While the past few years have seen a shift away from textured ceilings, there’s no denying the many benefits this unique finish can offer. Whether improving acoustics, disguising imperfections, or simply spice up an otherwise forgotten surface, texture has faded from obscurity to truly take center stage in the interior spotlight.
Of course, you may be repairing rather than removing a popcorn ceiling, or matching an existing textured ceiling with a common section of drywall or plaster. Whatever the case, keep in mind that learning how to texture a ceiling is very different from simply painting it, so it takes a certain amount of time and patience to complete the project effectively.
Below, we offer expert advice on the best way to solve the task.
How to Texture a Ceiling by Hand
While not the trendiest ceiling idea, textured ceilings do have a place in interior decorating, especially in rentals. Nicholas Smacchia from Nicholas Plastering Company in Westchester recommends starting by applying the easy sanding compound directly on the plaster.
1. Use a sponge or trowel to create texture in the ceiling plaster
“While the compound is still damp and soft, take your trowel or a slightly damp sea wool sponge and press it flat into the plaster, then pull the sponge or trowel away to give the compound a stipple-like texture,” Nicholas Smakia said.
2. Spray and then knock out the texture
“When the texture starts to set, spray it with a little water, then run the trowel lightly through the stipple to knock it off,” he continued.
As you go, keep spraying “water on stipple to lubricate compound” so it doesn’t stick to the trowel and reduce the amount of texture.
Finally, Nicholas recommends brushing with a damp crumb to “soften the texture” and give it a slightly aged look.
This method can also be used to create an orange peel effect. Be sure to use a softer sponge to create a more dimpled texture.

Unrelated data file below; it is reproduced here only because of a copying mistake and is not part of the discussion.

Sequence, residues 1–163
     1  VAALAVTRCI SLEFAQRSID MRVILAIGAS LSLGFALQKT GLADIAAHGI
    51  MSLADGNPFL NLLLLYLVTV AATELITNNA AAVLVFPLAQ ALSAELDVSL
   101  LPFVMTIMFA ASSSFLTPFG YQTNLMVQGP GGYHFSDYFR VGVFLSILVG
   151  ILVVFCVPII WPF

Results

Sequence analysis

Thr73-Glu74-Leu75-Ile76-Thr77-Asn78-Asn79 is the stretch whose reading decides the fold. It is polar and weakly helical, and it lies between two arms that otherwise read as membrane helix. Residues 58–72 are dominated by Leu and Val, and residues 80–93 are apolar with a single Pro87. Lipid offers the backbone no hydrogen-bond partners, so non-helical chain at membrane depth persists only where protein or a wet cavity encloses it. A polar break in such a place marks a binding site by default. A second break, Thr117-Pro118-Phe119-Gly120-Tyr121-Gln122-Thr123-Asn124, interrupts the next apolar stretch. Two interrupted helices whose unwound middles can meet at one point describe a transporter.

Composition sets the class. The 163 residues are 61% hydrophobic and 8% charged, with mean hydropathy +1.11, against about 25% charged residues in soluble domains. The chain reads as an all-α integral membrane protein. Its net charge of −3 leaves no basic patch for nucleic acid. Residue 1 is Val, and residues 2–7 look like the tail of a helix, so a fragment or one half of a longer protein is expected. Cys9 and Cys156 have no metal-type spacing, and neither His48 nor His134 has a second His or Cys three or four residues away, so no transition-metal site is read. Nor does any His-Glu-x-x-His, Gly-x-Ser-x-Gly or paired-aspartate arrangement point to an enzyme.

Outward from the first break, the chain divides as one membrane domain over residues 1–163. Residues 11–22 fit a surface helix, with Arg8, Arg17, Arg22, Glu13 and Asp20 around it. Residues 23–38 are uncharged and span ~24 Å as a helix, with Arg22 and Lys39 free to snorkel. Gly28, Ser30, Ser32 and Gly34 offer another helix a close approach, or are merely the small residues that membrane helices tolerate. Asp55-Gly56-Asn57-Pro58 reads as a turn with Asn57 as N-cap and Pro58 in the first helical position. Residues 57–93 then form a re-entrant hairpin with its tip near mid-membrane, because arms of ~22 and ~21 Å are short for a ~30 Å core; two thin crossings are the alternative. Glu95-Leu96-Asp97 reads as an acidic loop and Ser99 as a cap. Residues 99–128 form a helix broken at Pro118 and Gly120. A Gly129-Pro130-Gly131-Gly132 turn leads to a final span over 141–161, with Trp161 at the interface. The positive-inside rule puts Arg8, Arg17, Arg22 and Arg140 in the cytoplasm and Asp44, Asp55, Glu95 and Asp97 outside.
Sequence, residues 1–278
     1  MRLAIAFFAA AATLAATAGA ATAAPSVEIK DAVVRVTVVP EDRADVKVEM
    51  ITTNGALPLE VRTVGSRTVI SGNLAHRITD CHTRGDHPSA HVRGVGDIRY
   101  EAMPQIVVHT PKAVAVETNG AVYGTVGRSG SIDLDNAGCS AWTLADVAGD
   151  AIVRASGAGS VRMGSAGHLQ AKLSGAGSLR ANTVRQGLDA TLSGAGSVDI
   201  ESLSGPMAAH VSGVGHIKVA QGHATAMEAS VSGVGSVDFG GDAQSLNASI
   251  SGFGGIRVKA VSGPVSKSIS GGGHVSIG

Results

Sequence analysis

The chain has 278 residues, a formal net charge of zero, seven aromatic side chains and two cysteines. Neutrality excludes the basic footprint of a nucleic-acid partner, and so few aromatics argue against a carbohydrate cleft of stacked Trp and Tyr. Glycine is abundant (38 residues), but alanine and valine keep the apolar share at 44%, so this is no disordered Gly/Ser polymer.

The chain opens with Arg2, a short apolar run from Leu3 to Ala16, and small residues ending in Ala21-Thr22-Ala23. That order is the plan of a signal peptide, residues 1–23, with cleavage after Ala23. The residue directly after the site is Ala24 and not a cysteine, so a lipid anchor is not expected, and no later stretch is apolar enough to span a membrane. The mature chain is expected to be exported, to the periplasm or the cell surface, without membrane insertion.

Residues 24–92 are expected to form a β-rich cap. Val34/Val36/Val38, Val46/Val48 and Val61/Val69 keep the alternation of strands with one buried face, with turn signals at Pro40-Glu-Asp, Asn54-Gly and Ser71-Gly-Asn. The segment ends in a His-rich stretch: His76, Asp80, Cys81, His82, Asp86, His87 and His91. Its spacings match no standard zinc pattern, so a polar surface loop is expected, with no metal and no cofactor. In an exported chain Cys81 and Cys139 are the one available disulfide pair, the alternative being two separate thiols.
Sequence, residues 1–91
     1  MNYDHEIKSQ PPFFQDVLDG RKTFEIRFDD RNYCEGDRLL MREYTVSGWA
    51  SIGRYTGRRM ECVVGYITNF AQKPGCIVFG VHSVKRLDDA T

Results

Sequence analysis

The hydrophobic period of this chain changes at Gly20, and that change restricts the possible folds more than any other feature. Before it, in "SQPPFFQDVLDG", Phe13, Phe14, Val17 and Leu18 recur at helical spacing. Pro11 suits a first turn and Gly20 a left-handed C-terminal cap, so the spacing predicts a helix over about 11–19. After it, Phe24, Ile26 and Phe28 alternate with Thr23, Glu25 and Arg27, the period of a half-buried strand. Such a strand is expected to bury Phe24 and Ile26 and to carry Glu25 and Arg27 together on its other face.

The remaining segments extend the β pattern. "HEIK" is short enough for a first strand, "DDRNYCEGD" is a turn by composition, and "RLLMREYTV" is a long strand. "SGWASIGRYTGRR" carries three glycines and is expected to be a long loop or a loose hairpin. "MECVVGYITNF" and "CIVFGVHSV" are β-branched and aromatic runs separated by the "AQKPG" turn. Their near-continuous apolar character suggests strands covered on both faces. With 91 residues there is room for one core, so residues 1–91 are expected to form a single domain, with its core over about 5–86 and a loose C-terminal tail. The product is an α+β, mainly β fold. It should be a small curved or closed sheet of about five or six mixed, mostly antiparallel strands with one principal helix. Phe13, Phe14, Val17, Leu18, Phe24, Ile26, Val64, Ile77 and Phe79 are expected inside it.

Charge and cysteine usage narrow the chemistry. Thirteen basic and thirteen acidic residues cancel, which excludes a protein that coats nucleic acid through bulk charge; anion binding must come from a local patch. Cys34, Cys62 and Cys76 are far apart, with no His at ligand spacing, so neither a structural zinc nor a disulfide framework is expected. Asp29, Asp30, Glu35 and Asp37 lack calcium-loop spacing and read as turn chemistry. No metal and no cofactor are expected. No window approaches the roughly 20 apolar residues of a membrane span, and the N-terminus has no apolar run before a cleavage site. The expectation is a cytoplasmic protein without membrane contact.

3. Use a wet chip brush to soften the texture
However, to master the skipping trowel effect, Nicholas recommends using a trowel and “overlaying one stroke part in the last stroke in Radius mode in stroke”.
“When it starts to set, use a wet chip brush and spray to soften the texture,” he concludes.
How to Spray Texture on a Ceiling
Of course, you can manually paint the ceiling with an air compressor and hopper gun to get the texture you want. You need patience and persistence to master this method.
First, hold the gun about 2 feet from the surface and pull the trigger while keeping the gun moving. Work in sections on the ceiling.
If you decide you need to redo it, just scrape it off right away and put it back in the hopper.
You can also buy spray cans with ready-made products that are suitable for small patches and easier to manage.
How to Apply Mixed Paints to Create Texture Effects
Instead of creating texture on plaster, you can mix powdered joint compound into regular paint. Since you’ll be applying the blended product directly to the ceiling, be sure to apply it sideways to help achieve the best results. And make sure you are using a plush roller – it will help the paint get into the low points of the texture and give a better overall finish.
How to Apply Textured Ceiling Paint
The easiest way to create a textured ceiling is to use specialized products that already contain additives. Particles in texture paint create small shadows and depressions that help you get the texture you want.
Using these products with a foam roller for maximum texture or a fiber roller for a finer texture will provide the best finish. Make sure to load a thick, even coat onto the surface using short, intersecting strokes until about 3 square feet are covered. Finally, roll gently in one direction to finish.
What tools are needed to create a textured ceiling?
Before you begin, keep in mind that texturing your ceiling will involve wet textured material flying in all directions, so you’ll want to cover floors and surfaces with cloth and protective film.
Traditional methods require:
- a simple sand compound
- Trowel and Eagle
- Sponge sponge (or other type of sponge)
- a spray bottle
- soft chip brush
- Air compressor and hopper gun to speed up the process
If you want to keep the project as easy as possible, you can mix your own textured paint, or better yet, buy a premixed version that can be applied directly to the ceiling using a roller.
What is a textured ceiling?
Textured ceilings are often achieved by using a sand compound and spreading it in a specific pattern to create a bumpy finish.
The most popular finishes include Knock down stippling effect (similar to a popcorn ceiling), a orange peel appearance or a skip trowel finish.
Knockdown stippling has a rough, bumpy texture that can create as much depth as you want. The bumps of the orange peel are more subtle, while the trowel applies generously for a Mediterranean flair.